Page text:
Citizenship: Whether physical presence in Canada is required to maintain the residence requirements under the Citizenship Act: Hsu, Re 25 Imm. L.R. (2d) 251 (Fed.T.D.). Appeal from refusal of application for Canadian citizenship.
The appellant arrived in Canada on July 23, 1989 and he established in Montreal, a consulting company with extensive contacts in Hong Kong and Taiwan. He rented an apartment which he shared with his partner and in late 1990, purchased a residential unit in Vancouver. He carried out the various formalistic requirements for establishing residence such as bank accounts, driver’s licenses, income tax reporting, health care insurance, social insurance card, etc. The appellant is divorced and his children are grown-up and reside on the US West Coast.
The facts also indicate that the company performed increasingly well during the three years in question and required appellant’s protracted absences totaling 569 days, primarily for business purposes. The trial judge that upon arrival in Canada in 1989, the appellant had not sufficiently established residence, prior to his first departure and therefore, his absences could not be considered periods of residence in Canada.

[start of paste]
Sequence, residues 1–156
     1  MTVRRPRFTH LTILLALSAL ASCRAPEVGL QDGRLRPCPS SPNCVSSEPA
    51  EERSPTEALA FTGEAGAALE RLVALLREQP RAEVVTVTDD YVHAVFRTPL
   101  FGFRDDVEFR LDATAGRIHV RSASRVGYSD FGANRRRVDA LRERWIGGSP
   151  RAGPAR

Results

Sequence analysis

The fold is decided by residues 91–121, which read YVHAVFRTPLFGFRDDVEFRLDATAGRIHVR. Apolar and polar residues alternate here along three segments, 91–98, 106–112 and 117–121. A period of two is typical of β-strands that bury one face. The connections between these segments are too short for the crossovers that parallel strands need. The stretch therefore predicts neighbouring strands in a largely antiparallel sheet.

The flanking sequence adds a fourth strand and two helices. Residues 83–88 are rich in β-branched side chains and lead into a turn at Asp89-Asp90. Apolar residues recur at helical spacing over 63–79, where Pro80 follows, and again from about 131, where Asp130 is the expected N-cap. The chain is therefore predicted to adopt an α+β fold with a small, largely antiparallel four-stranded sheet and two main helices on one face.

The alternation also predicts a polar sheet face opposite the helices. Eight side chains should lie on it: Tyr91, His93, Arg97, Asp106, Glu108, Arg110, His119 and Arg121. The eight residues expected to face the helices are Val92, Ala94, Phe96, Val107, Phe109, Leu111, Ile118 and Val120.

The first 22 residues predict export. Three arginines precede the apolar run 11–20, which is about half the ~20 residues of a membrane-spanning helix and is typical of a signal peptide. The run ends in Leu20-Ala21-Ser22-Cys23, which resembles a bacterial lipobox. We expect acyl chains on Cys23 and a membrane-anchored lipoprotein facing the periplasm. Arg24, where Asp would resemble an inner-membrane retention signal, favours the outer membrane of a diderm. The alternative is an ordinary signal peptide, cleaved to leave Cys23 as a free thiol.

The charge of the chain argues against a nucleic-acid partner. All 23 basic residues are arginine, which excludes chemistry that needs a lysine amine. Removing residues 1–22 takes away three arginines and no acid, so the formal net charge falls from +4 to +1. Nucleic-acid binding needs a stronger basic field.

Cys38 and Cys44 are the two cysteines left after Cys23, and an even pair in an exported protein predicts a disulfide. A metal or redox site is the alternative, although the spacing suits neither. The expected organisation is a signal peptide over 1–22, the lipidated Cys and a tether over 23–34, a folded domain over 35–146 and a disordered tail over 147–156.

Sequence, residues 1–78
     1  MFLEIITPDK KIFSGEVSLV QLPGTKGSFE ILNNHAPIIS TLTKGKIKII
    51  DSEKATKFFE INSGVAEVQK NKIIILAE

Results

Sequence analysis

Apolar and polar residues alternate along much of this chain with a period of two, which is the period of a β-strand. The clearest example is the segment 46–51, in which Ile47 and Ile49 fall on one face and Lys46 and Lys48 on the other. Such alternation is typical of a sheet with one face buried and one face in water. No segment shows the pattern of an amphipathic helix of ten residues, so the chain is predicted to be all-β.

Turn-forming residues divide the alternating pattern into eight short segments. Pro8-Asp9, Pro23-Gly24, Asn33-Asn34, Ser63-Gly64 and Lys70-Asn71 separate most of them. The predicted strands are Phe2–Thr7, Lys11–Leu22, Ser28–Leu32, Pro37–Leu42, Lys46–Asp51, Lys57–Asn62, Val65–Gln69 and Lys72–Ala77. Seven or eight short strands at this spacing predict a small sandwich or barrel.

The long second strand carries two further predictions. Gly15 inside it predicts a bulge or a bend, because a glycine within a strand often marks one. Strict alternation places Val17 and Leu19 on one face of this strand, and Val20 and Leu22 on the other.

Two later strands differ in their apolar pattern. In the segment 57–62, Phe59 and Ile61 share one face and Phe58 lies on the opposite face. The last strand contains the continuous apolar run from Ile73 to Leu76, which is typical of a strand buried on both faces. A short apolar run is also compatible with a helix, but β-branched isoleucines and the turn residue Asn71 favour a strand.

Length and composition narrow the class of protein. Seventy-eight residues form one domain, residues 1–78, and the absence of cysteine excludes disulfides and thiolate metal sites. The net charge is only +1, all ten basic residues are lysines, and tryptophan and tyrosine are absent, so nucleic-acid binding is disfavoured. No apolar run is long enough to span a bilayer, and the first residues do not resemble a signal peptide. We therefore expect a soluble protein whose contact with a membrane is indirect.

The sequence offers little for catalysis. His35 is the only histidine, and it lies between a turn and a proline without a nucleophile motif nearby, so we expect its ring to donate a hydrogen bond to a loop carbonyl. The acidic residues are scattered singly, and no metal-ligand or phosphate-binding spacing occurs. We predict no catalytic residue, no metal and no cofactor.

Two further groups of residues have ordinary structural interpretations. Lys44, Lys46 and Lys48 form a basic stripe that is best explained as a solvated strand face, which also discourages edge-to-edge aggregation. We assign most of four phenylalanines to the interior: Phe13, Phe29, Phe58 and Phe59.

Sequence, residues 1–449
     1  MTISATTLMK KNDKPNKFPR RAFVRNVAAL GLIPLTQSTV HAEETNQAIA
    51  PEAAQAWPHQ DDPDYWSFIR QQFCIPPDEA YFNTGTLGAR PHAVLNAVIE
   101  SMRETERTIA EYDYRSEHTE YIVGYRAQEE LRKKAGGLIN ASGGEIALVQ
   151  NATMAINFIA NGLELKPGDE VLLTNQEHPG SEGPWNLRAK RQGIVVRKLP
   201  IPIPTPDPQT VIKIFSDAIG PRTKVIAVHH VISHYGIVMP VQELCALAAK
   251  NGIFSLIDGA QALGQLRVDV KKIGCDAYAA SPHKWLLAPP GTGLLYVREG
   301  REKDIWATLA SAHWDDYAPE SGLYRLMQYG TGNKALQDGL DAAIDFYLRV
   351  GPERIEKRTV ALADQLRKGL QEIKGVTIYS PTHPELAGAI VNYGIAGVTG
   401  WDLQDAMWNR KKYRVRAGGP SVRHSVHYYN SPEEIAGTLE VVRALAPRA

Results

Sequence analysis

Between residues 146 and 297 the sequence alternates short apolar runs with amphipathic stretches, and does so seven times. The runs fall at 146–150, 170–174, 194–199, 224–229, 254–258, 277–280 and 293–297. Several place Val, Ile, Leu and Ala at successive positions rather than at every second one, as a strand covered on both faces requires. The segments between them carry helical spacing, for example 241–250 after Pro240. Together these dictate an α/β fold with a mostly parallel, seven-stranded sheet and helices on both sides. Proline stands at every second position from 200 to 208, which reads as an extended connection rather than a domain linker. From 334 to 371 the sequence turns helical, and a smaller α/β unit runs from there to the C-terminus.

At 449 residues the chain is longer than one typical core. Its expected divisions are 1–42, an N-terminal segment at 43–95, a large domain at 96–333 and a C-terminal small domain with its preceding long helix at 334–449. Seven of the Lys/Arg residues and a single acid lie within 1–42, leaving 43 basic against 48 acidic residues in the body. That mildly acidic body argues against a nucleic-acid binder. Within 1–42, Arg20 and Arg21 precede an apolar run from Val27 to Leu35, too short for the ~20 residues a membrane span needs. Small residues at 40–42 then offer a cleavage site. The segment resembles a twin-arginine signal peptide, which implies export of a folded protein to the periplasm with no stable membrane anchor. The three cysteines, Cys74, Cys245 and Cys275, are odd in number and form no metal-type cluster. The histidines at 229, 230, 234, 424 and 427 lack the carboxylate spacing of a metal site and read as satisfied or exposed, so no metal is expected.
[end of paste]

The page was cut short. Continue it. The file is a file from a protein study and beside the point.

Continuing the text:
On appeal, it was held that even on a liberal and extended meaning of the term “residence”, the appellant failed to meet those requirements. “Canada had little if any connection with the appellant’s endeavor; an important component to qualifying for residence status is thus absent. (…) Being granted landed immigrant status is one step, but qualifying for Canadian citizenship is a different one altogether”.
This decision supports the position that the “strict constructionist” approach is not consistent with a proper interpretation of the Citizenship Act. A liberal application of the residence requirements is desirable where a sufficient connection to Canada is maintained in the form of personal, social or institutional involvements on the part of an applicant.